Sunday, May 1, 2022

The WWII Comet Escape Line

by Cindy Kay Stewart

Today's post continues the story of the Comet Escape Line established during World War II to escort downed Allied Airmen safely out of Europe and back into the fight. If you missed the first two posts and would like to read them, they can be found here and here.

Dédée De Jongh - Founder of the Comet Line
Courtesy of the Imperial War Museum

In early May of 1942 after Paul De Jongh had fled to France, the two men who had taken charge of the Brussels end of the Comet Line were arrested and imprisoned. Paul's daughter and Dédée De Jongh's sister, Suzanne, worked with Baron Jean Greindl Laan, codenamed "Nemo," to continue operations. Paul stayed in Paris, and Dédée continued her dangerous trips escorting airmen to the south of France, across the Pyrenees into Spain, and into the hands of British consular officials.

A few months earlier, Nemo had become director of a canteen run by the Swedish Red Cross in Brussels. He ran the Comet Line from this location. Madame Scherlinck, a Swedish lady, was the canteen's patron, and through this agency food and clothes were provided for the poor and ailing children of the city. Nemo supplied bags of rice and flour from the Swedish Red Cross to the families sheltering the airmen. 

Peggy van Lier helped with feeding the children at the canteen, and she became Nemo's assistant in the Comet Line. The canteen became a cover for several young people who helped in the secret work. They were adventurous and eager to participate in facilitating the escape of Allied airmen.

Peggy van Lier
Courtesy of the American Air Museum in Britain

In an attempt to penetrate the rescue network, the Germans planted young English-speaking men into the countryside who posed as downed Allied airmen. This led to arrests and imprisonment. To counter the problem, eighteen-year-old Elsie Maréchal, who spoke perfect English, started testing the stories of the supposed airmen before taking them to homes in Brussels. The Belgian guides brought the men to St. Joseph's Church where Elsie asked them about their units, the planes they flew, and where they were stationed. While they waited inside the church, Elsie would report to Nemo at the canteen for further instructions.

St. Joseph's Church in Brussels
Public Domain

One wintry day in November of 1942, two German imposters were brought to St. Joseph's Church. Normal protocols weren't followed, and Elsie didn't know to meet the airmen. The Belgian guide from Namur took them to a house of a friend where he was given the Maréchal's address by people unaware of their underground activities. The two Germans who claimed to be Americans didn't act like Americans. Elsie noticed several red flags but thought she was overreacting. After fixing a meal for the men, Elsie went to the canteen. Nemo sent her back home with instructions not to allow the men to leave the house. In the meantime, the young men asked Elsie's mother if they could go for a walk. They left the house and returned shortly after with guns pointed at Mrs. Maréchal.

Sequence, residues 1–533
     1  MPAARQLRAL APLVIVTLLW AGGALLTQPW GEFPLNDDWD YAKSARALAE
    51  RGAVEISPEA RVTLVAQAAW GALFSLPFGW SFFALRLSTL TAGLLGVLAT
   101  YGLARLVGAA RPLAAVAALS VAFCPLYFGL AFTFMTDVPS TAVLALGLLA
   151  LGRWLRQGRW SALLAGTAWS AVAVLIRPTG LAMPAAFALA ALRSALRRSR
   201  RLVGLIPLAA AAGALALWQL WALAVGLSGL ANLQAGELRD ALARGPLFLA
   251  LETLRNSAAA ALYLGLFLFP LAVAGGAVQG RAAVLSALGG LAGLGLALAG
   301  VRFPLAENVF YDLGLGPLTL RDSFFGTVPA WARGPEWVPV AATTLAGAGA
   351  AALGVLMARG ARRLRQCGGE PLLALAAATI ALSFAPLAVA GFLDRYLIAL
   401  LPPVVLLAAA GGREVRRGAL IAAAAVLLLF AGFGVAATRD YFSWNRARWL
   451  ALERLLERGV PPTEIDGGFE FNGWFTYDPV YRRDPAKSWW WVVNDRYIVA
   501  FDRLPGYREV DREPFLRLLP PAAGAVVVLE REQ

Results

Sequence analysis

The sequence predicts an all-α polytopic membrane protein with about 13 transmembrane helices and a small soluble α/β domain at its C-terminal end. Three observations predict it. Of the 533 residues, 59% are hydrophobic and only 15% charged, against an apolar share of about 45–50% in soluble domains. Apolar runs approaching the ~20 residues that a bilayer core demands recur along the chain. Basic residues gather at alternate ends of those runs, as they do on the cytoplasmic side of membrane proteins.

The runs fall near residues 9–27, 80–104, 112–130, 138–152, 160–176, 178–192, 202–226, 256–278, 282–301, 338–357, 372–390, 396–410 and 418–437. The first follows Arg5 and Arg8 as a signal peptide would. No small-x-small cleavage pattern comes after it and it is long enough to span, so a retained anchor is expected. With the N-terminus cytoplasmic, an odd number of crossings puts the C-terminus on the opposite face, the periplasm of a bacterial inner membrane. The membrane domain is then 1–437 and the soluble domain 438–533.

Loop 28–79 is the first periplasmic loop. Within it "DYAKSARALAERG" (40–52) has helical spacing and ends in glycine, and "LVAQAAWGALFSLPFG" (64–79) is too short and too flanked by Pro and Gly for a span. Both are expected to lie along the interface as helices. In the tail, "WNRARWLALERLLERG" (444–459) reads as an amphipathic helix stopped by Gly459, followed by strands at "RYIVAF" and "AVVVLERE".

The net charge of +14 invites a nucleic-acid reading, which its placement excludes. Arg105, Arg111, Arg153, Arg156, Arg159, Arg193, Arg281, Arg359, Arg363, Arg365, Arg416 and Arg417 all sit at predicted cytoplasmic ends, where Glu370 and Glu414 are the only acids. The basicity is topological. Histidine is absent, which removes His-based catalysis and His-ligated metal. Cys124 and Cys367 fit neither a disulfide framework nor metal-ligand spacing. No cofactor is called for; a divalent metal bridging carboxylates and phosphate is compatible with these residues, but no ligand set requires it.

One by one the members of the Maréchal family returned home and were arrested along with others who showed up at their house, including Elvire Morelle who arrived from Paris early the next morning. The enemy agents reported on all the guides, shelterers, and helpers they had encountered in the Belgian line "from the Ardennes and Namur to the very center of the organization in Brussels." 

In two days, nearly 100 people were arrested, including innocent relatives thrown into prison as hostages. Many of these never survived to return home. In the previous six months, the Comet Line had rescued sixty airmen, but their operation wasn't over. New leaders reorganized the line and recruited more Belgians to carry on the work.

After Peggy van Lier successfully convinced the Nazis that she was not a participant in the operation, she was released and fled to England with a group of Allied servicemen on the Comet Line. Mr. Maréchal was executed by the Germans. Mrs. Maréchal, her daughter Elsie, and Elvire Morelle were sent to concentration camps in Germany, but they each survived and returned home after the war ended. 

Return on June 1st for the continuing story of the courageous men and women of the Comet Line.


Resource: Little Cyclone by Airey Neave. Biteback Publishing Ltd, 2013, 2016.


Cindy Kay Stewart, a high school social studies teacher, church pianist, and 
inspirational historical romance author, writes stories of hope, steeped in faith and love. Her first manuscript finaled in the Georgia Romance Writers Maggie Award of Excellence, placed second in the North Texas Romance Writers Great Expectations contest, semi-finaled in the American Christian Fiction Writer’s Genesis contest, and won ACFW’s First Impressions contest. Cindy is passionate about revealing God’s handiwork in history. She resides in North Georgia with her college sweetheart and husband of forty years. Their daughter, son-in-law, and four adorable grandchildren live only an hour away. Cindy’s currently writing two fiction series set in WWII Europe.



  1. Thank you for continuing this story. I can't imagine the bravery of the people who participated in this rescue mission.

    1. More stories of brave people to come! Thank you for dropping by, Connie.

  2. Replies
    1. It's truly amazing what these young people were willing to do to bring freedom back to their country.